We have alot of running around to do in the morning. I want to go to Toys r Us/Babies r us to spend a gift card Shawn's mother sent. We're going to get a smaller umbrella stroller that will primarily be kept at my mother's house and a bunch of toys that will suit her new developmental age - a lot of the fisher price laugh and learn toys, an inflateable baby pool, some bath toys (maybe that would make bath time better??) and some traditional wooden blocks. Then we'll head over to Sears to buy our new patio set! Its called the Veranda Collection and the table, four chairs with chair pads, umbrella and umbrella base come under $600! We've even saved the money so we'll be paying cash - how awesome is that?! Even though our snowball has melted we're not racking up debt!
Then Shawn needs to go into the office so I'm going to take Arianna on a long walk by the Blackstone river, for at least 3 hours - its a paved bike/walking path and its so serene and peaceful - we love it. Arianna usually sleeps and very much enjoys going on long walks so it'll be perfect to keep her rested.
Then we head back to the house and all take showers, get buffed up and dressed to the 9's to head off to the party. I'm really excited for it. I've lost a noticeable amount of weight, I'm actually the lowest I've been since October 2005 and fit into clothes that haven't seen the light of day since that long - all good news! I can't wait to show myself off in my little black dress. Arianna is lucky enough to get a nice new outfit from grandma and grandpa - she'll be ÜBER cute too! With all the people there I'm sure she'll be wonderful, but we'll bring the pack n' play just in case she needs to nap.
We won't be home until very late and need to be at my aunts summer house in Orleans, MA for a cookout/beach day on Sunday if the weather cooperates. This will give everyone - Nana included - a chance to catch up, talk and enjoy everyone company. I'm sure it'll be just as fun. I only hope Arianna is rested enough to not be a grump!
This weekend will be so much fun! I hope everyone has as much fun!
This is good news, actually. Because it means we have found a nanny!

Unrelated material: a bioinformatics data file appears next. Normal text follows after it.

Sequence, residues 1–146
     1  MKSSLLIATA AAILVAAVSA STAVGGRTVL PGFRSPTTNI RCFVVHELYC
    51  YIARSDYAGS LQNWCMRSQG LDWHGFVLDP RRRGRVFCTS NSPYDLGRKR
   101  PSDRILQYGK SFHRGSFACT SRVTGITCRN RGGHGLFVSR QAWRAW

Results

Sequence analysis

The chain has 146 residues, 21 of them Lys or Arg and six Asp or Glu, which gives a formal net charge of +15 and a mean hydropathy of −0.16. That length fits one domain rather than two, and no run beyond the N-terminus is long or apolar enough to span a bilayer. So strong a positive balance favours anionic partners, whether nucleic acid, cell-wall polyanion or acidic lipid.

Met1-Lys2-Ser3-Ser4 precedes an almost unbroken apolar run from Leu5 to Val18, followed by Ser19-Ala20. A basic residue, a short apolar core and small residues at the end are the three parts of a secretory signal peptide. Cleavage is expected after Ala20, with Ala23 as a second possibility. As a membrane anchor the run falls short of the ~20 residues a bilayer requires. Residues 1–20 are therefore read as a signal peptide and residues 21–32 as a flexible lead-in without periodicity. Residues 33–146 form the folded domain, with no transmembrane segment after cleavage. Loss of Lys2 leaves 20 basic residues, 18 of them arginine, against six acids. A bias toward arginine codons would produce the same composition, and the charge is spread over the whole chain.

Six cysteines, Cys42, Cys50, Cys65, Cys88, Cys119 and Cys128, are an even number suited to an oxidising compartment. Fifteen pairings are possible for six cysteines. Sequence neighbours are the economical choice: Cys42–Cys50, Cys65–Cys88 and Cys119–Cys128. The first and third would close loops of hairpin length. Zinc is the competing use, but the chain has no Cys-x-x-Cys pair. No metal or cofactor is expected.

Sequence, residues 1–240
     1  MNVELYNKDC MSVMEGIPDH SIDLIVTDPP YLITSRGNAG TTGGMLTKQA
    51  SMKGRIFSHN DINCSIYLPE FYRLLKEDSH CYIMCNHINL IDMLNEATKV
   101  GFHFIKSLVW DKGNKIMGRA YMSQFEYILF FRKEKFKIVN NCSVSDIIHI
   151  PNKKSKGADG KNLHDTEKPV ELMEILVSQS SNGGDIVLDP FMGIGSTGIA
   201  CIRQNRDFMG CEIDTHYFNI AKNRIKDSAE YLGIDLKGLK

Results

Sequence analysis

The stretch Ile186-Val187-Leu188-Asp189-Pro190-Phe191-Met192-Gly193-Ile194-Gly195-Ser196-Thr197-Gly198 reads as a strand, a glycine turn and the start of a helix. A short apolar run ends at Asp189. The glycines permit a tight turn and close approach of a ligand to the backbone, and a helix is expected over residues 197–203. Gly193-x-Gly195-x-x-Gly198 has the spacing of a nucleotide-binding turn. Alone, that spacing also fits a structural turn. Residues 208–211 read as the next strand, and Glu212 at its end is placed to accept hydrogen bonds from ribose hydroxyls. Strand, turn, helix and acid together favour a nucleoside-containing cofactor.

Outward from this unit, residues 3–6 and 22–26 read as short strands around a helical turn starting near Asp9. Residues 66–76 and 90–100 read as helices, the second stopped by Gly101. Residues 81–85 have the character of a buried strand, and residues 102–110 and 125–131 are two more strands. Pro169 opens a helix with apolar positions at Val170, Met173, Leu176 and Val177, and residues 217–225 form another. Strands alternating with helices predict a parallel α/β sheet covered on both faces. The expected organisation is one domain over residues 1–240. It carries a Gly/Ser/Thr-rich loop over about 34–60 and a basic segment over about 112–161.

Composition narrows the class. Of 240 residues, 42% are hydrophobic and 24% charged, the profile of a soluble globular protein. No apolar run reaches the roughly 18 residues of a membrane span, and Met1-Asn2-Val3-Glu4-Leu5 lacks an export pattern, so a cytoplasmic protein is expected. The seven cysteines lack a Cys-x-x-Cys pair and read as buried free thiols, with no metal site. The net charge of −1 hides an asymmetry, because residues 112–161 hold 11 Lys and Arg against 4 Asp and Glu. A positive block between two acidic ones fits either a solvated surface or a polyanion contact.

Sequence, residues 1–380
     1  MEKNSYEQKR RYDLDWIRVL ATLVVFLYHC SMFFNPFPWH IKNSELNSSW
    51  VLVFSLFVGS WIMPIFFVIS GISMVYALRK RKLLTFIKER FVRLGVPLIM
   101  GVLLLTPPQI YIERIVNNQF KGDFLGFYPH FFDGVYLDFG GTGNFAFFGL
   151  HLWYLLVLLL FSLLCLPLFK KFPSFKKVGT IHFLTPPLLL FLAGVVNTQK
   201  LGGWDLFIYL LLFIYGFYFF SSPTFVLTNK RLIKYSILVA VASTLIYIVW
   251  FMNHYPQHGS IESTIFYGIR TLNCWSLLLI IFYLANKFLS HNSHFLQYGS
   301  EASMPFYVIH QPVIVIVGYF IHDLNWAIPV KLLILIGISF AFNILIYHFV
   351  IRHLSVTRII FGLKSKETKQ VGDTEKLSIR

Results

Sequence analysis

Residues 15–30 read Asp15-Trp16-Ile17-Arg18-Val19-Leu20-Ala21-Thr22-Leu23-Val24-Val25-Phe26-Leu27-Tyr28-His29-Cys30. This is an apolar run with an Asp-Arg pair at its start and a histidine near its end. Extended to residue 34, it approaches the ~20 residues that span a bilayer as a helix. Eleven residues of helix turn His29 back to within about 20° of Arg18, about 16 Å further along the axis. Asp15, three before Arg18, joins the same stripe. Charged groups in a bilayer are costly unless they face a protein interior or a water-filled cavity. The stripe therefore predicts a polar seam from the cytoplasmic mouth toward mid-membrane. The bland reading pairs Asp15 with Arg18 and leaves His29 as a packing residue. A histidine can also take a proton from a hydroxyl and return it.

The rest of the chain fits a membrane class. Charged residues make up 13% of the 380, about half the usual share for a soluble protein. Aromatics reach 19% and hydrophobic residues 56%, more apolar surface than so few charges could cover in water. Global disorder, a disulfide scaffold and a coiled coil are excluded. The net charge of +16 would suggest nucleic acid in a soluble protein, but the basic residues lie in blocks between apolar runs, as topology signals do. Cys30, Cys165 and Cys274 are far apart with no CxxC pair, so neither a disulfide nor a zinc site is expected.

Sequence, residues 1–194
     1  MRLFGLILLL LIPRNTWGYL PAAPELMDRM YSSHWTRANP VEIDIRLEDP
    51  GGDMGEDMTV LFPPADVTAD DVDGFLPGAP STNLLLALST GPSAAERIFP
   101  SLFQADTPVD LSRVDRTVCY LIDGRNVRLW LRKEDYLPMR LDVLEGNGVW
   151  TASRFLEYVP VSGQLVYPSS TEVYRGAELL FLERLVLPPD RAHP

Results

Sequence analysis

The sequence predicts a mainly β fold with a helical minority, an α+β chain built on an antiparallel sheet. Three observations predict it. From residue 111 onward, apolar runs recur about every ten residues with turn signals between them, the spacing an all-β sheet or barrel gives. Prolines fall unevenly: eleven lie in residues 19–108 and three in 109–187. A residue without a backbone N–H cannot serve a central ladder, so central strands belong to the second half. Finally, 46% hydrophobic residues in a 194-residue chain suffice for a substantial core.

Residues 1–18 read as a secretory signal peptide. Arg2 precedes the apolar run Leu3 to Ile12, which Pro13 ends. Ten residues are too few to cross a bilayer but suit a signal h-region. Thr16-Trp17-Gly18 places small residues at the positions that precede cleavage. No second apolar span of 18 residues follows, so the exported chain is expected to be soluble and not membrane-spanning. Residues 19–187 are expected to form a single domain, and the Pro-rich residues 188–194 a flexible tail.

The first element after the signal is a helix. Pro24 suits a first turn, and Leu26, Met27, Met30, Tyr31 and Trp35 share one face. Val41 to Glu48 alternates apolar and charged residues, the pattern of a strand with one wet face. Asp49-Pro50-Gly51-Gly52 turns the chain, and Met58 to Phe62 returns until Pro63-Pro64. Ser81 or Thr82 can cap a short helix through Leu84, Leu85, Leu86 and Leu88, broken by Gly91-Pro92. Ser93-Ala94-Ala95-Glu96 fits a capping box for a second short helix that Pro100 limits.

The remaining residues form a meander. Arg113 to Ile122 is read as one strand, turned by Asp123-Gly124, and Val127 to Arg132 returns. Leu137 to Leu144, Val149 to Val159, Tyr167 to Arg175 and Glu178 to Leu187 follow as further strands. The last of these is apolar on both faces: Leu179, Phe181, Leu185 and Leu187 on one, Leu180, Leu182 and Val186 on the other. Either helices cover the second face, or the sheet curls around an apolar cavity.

My friend Megan, a teacher, won't need her nanny this summer so we are going to hire her for the summer. Starting in the fall we have super nanny arriving. She's a professional nanny working for a family in the Boston metro area that won't need her come the fall. The reason she can't start this summer is that she spends the summer with this family at their home on Nantucket (an island off the coast of cape code, MA). She has incredible references, loads of experience, is taking a pay cut by working for us and we're the perfect match for her too. She's a nursing student, taking night classes who needs one day during the week for her clinicals - which will be the day my mother will watch Arianna. It's a win-win situation. We couldn't be happier.
The down side is that our snowball has melted. The snowball is what we call our debt pay-off. We had been sending $1700 per month (roughly) to pay off debt and had done amazingly well since January of last year (take note our debt pay-off ticket at the bottom). We are more than doubling our child care expenses, add in my diet and the snowball is gone. We will get back a large chunk of change once my diet is finished in October though, so thats something to look forward to.
As hard as that is for me to adjust to - its not so bad knowing we have excellent people watching our baby, and I don't have to quit my job.